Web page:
To assist her in physical tasks, Sorrow builds a wooden golem, then crafts a soulcatcher to go out and hunt for a ghost she can use to animate it. Stagger happens to be the nearest ghost who has failed to move on from the material plane. So, after spending 90% of Greatshadow as a disembodied spirit, Stagger spends 90% of this novel back inside a body, albeit a wooden one, with an oak barrel for a chest, roots for fingers, and a coconut for a head. His soul essentially serves as a battery to bring the golem to life, and, like any battery, the more Sorrow uses him, the weaker he gets. And, it's not like he gets to use his new body for anything he wants to do. He can only move if Sorrow commands him to.

Adding to his frustrations, Sorrow is a passenger on the same boat that carries Infidel to the frozen north. So, Stagger spends much of the book within a few dozen feet of the woman he loves, forbidden to so much as wave at her, unable even to call out her name as his coconut skull lacks a tongue.

Will Stagger ever get to speak with Infidel? Can Infidel survive her quest now that she's lost her strength and invulnerability? Will Hush succeed in her plot to murder Glorious, the primal dragon of the sun, plunging the world into eternal winter?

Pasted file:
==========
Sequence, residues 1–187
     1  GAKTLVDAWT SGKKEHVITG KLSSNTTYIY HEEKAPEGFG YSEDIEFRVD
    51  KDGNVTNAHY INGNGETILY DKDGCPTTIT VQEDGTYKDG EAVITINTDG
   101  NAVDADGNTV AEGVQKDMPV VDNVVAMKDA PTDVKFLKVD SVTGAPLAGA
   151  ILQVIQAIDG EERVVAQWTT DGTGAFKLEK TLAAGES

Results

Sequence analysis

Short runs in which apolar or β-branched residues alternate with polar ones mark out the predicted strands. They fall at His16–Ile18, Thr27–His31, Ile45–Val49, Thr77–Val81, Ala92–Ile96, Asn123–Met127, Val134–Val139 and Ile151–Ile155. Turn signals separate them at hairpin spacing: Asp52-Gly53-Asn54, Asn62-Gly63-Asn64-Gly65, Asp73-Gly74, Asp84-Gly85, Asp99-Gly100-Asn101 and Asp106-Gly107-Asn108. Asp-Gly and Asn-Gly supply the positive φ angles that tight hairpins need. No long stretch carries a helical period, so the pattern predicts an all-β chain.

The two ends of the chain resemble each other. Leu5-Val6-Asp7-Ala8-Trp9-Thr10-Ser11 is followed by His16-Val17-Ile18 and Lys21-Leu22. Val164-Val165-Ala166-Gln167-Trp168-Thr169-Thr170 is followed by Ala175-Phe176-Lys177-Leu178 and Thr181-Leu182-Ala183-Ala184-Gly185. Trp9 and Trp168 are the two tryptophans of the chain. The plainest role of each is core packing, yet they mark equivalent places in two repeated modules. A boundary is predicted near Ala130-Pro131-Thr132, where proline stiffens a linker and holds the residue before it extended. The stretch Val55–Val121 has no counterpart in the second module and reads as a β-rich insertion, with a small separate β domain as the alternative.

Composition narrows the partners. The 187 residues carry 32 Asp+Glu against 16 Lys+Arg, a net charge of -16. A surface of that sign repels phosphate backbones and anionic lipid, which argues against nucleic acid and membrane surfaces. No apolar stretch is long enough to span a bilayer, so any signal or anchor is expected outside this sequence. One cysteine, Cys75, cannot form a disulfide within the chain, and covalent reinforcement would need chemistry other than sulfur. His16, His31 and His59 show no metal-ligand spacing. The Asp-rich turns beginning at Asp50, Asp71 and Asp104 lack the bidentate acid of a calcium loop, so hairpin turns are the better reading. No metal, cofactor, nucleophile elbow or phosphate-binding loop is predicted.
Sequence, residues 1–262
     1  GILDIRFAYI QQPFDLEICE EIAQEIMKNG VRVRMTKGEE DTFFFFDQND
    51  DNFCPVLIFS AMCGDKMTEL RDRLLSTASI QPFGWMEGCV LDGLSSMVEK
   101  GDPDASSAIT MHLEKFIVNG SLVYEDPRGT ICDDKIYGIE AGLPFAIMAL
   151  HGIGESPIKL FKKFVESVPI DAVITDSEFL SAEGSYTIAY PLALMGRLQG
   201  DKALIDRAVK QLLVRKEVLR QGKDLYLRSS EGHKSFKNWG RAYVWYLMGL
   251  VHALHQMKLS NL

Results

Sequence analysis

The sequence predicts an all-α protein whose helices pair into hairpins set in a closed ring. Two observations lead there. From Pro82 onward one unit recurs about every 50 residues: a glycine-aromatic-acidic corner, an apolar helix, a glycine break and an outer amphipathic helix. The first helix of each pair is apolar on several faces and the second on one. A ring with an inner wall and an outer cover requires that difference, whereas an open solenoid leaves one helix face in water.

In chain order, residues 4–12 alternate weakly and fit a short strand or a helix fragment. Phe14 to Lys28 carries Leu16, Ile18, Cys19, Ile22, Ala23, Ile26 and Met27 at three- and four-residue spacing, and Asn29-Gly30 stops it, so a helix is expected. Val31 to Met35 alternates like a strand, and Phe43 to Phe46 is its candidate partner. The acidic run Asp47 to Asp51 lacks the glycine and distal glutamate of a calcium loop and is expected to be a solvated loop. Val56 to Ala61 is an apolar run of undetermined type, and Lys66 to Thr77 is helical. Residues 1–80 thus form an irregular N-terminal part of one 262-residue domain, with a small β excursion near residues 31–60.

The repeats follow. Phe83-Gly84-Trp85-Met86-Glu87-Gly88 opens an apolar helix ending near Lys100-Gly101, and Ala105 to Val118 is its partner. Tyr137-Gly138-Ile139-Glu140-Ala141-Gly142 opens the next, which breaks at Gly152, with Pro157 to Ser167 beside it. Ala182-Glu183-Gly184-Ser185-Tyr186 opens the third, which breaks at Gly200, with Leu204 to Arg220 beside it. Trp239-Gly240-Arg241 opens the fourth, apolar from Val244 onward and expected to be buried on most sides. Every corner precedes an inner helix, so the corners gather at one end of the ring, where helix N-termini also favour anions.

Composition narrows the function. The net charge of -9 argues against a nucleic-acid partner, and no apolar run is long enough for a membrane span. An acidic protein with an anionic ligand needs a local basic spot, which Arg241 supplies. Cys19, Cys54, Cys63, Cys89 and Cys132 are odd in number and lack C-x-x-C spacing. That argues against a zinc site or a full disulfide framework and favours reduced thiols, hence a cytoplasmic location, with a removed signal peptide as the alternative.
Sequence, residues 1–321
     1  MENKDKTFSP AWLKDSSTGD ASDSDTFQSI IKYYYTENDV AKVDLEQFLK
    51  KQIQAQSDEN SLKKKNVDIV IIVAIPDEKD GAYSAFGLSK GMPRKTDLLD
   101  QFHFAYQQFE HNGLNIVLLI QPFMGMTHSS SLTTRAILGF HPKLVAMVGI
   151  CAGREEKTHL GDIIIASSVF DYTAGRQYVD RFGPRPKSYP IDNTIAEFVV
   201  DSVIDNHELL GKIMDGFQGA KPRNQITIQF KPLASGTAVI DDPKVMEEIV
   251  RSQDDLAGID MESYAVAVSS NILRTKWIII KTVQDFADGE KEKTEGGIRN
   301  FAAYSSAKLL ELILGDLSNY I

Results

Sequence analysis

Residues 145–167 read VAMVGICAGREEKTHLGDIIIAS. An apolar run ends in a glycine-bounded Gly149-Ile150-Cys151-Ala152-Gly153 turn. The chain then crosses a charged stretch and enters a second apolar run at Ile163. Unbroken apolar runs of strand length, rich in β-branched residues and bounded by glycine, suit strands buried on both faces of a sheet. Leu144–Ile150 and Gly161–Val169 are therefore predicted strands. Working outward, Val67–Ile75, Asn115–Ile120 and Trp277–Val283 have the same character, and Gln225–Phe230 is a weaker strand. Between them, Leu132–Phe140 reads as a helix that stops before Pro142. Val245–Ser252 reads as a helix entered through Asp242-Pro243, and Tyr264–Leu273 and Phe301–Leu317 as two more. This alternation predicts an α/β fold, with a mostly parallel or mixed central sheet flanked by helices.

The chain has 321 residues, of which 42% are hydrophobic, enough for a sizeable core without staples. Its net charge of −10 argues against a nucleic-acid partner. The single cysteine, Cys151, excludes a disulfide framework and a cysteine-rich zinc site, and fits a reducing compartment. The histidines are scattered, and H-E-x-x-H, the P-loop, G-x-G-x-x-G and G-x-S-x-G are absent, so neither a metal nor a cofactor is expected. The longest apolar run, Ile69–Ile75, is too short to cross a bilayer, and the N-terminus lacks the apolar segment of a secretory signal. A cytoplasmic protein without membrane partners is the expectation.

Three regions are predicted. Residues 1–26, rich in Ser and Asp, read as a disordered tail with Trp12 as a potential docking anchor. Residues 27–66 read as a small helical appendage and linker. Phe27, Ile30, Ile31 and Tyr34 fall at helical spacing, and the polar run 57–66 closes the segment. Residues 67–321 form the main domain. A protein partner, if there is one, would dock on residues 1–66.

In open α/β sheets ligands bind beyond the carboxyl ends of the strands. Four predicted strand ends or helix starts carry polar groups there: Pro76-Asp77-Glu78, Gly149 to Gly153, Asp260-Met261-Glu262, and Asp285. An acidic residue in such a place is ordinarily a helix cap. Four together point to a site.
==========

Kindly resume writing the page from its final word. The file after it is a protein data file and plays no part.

You don't have to wait any longer to find out! HUSH hits bookstores today! Run out right now and buy a copy. Then skip work today and read it, so you can join me on my first ever Goodreads discussion thread, where I'm talking about all the books of the Dragon Apocalypse, even books I haven't written yet! Here's the link. After you buy your copy, if you want a second copy to give to your best friend in the whole world but don't have the extra dough to shell out in these rough economic times, then as long as you're at Goodreads, why not sign up for the HUSH giveaway there? Twelve copies are available to residents of the US, Canada, and the UK. If you want to try to win one, enter here.

Good luck! Don't be shy about Amazon reader reviews and enthusiastic tweets!

Saturday, June 9, 2012

All Around the Web